‘The Price of Everything’ Explores the Cost of Paint on Canvas

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Jeff Koons in the documentary "The Price of Everything." Courtesy photo

April Gornik does not want to make “The Price of Everything” any harder to swallow than it has to be.

That is why she’s waiting to watch the explosive documentary about the contemporary art market with an audience — one likely to be packed with artists such as herself, all eager to deep-dive into the brutally dizzying, oftentimes disheartening, but nevertheless captivating dissection of the scene at large, screening Saturday night at Guild Hall in East Hampton.

“I’m so terrified to see that movie, just because it’s about art and how excessively materialistic everything has become,” she said. “The subject pains me so much. So much of what I loved about art has become so awful. So I’m sort of afraid of this film, to tell you the truth.”

Nathaniel Kahn, director of “The Price of Everything.” Courtesy of Sundance Institute.

She paused. “Having said that, I’ve spoken to all these artists who are older, like me, and a couple younger artists whose work I like and admire, and everybody says it’s really brilliantly done,” she continued. “I was already thinking that — before I even knew it was done by Nathaniel Kahn, whose documentary ‘My Architect’ is one of my all-time favorite movies, period.”

Kahn grew up in a family of artists — his mother, landscape architect Harriet Pattison, and his father, the late architect Louis Kahn and subject of the aforementioned documentary — and came on board the HBO documentary after producers Jennifer Blei Stockman, Debi Wisch and North Haven resident Carla Solomon had already conceived the idea.

“Jennifer had been steeped in the art world for over three decades — passionate about art and was the president of the Guggenheim Foundation for 10 years. It’s the air she has lived and breathed for a long time,” Solomon said. “She felt something had changed, some indefinable something. The boundaries between art and brand and luxury goods seemed to be blurring, and it felt like a different art world from the one she had come into. So she wanted to do a documentary about this, and we reached out to Nathaniel — the perfect person to direct this film, being immersed in that world himself.”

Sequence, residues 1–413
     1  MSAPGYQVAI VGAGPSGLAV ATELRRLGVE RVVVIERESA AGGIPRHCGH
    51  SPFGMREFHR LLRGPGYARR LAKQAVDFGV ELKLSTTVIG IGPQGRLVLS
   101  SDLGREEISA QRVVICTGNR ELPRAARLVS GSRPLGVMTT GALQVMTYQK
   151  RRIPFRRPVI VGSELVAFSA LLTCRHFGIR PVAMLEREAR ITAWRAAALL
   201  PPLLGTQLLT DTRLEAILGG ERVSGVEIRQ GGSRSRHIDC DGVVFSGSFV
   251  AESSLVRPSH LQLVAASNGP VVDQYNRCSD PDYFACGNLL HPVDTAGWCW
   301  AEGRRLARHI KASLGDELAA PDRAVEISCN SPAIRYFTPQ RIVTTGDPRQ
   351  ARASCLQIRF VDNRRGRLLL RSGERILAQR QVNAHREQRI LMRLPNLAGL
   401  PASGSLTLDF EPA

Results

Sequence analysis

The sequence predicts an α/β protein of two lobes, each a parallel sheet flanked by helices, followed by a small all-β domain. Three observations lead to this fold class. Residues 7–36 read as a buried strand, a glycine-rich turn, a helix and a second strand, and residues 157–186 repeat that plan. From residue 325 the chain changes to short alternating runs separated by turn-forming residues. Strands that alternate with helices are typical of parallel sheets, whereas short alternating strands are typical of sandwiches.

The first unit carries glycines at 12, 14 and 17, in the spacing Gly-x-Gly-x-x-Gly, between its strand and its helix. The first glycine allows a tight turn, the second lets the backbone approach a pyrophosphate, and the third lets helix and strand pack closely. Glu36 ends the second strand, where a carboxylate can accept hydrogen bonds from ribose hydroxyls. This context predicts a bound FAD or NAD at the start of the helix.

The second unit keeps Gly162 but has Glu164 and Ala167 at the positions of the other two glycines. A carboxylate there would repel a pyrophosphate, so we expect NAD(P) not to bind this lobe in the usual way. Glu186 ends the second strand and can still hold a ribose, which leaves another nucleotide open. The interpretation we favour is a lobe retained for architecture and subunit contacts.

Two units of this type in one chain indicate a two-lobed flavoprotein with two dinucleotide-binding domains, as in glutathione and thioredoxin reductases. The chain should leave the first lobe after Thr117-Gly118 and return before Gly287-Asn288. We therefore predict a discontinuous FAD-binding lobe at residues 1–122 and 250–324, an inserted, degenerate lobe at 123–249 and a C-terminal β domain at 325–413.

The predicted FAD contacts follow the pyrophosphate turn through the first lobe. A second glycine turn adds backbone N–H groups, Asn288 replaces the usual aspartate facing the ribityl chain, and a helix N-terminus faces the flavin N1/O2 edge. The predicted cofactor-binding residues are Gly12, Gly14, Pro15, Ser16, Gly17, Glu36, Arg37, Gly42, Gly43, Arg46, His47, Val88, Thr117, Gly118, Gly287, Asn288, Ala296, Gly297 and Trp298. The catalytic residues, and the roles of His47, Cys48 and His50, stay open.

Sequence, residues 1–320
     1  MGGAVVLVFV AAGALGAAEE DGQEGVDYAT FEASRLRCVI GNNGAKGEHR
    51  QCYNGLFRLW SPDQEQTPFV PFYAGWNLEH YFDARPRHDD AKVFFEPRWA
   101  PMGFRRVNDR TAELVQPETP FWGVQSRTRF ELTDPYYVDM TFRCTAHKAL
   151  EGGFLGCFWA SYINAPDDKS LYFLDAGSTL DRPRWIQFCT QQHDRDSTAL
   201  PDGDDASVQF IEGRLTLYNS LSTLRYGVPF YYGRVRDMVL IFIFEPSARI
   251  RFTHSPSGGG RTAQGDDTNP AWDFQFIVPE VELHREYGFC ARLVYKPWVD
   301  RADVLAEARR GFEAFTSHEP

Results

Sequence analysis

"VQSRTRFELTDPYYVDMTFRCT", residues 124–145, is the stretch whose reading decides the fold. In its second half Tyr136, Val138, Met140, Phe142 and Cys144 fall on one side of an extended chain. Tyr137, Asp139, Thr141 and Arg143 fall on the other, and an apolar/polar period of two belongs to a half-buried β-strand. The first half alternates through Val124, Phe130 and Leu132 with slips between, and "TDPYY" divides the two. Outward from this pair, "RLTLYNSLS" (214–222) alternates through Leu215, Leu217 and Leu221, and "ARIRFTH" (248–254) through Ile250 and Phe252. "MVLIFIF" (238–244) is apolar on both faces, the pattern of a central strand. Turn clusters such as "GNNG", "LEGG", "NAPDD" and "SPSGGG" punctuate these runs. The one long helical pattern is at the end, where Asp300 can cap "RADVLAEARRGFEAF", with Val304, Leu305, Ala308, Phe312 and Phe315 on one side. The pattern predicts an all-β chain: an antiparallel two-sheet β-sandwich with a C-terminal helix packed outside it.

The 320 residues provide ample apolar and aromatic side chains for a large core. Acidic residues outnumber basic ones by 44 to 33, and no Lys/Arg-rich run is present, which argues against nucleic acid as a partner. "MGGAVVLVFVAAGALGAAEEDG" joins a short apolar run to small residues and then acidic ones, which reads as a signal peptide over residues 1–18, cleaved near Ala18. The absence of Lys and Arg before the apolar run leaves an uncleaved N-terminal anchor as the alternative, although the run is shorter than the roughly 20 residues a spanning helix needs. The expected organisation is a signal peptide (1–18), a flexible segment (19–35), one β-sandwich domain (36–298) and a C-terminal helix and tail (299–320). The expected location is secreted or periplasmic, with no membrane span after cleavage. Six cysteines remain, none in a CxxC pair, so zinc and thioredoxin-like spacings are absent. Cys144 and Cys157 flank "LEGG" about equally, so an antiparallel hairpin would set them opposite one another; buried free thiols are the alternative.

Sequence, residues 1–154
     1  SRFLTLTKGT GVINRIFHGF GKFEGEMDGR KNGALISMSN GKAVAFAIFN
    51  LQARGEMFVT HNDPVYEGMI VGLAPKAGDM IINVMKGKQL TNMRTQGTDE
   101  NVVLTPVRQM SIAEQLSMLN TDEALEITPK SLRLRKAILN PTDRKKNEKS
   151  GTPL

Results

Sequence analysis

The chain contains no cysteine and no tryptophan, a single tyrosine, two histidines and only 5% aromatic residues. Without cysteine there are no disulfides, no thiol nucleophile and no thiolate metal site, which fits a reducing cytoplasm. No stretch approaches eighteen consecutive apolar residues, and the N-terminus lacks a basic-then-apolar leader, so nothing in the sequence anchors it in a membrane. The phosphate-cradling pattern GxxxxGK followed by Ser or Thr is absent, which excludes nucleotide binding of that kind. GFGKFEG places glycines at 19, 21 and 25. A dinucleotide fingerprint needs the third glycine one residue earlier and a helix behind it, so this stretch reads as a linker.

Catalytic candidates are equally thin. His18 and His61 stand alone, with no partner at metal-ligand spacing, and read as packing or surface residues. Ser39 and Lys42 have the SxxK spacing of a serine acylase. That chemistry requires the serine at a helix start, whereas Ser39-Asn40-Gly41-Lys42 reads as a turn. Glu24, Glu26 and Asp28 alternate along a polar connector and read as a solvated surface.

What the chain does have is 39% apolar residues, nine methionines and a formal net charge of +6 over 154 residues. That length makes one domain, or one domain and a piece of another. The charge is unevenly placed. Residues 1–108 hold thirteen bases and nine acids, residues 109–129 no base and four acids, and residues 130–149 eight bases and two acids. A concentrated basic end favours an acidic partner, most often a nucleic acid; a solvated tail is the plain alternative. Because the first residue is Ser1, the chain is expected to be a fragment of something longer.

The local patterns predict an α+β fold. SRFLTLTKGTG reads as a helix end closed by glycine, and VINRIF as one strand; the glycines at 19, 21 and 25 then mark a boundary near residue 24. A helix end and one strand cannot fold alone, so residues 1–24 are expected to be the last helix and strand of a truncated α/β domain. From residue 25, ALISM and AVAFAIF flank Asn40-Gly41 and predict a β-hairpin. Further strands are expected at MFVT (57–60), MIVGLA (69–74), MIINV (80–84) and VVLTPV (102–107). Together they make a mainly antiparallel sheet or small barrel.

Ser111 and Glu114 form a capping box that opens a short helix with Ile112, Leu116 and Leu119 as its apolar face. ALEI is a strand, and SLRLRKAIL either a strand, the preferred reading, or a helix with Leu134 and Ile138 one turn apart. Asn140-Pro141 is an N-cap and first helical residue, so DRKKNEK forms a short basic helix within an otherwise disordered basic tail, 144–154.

Starting in the spring of 2016, interviews with artists, collectors, auctioneers and critics quickly came together, and a common theme soon emerged: “the increasing monetization of art and, in general, everything in our society, and what that means for the world,” Kahn said.

“There’s something completely revolting, terrifying about that, but you’re also drawn to that story like a moth to the flame,” he said. “It’s fascinating. What does this even mean about us as a culture, if this is what we’re doing? And what does it mean for the artist and this pressure to keep making the thing that’s selling?”

Oscar Wilde once depicted a cynic as “a man who knows the price of everything and the value of nothing,” but in the film, collector Stefan Eldis uses the phrase to describe some of the power players in the art world — of which he is not, he said. During a tour of his collection, he shows off the Jeff Koons “Rabbit” that he bought for $945,000, now estimating its worth to be $65 million.

Koons himself brings the film crew into his studio, where he makes no attempt to hide an army of assistants reproducing Renaissance masterpieces for his “Gazing Ball” works — paintings he never touches himself, yet still fetch millions — while artist Gerhard Richter wonders aloud if one of his multi-million-dollar paintings is actually worth the sticker price.

“It’s not good when this is the value of a house, it’s not fair,” Richter says. “I like it, but it’s not a house.”

To top-earning artists, painter John Alexander says, “Good for them. I’m not even angry about it.” But, like many, he is concerned about a “top-sidedness” in the art market — and more specifically, its arbitrary nature.

“That’s very troubling. It’s so random. It makes no sense,” he said. “How something goes from $20,000 to $200,000 to $10 million, it’s perplexing. It’s a good thing to let people understand what’s happening in the art world. There’s a real danger with everybody being priced out.”

Among the wealthy, the missing link in the film was a contemporary artist who had risen to the top, but then fallen — now perhaps holing up somewhere in upstate New York, Kahn mused. He wanted someone who was a bit cantankerous with a lot to say, and a good head of hair wouldn’t hurt.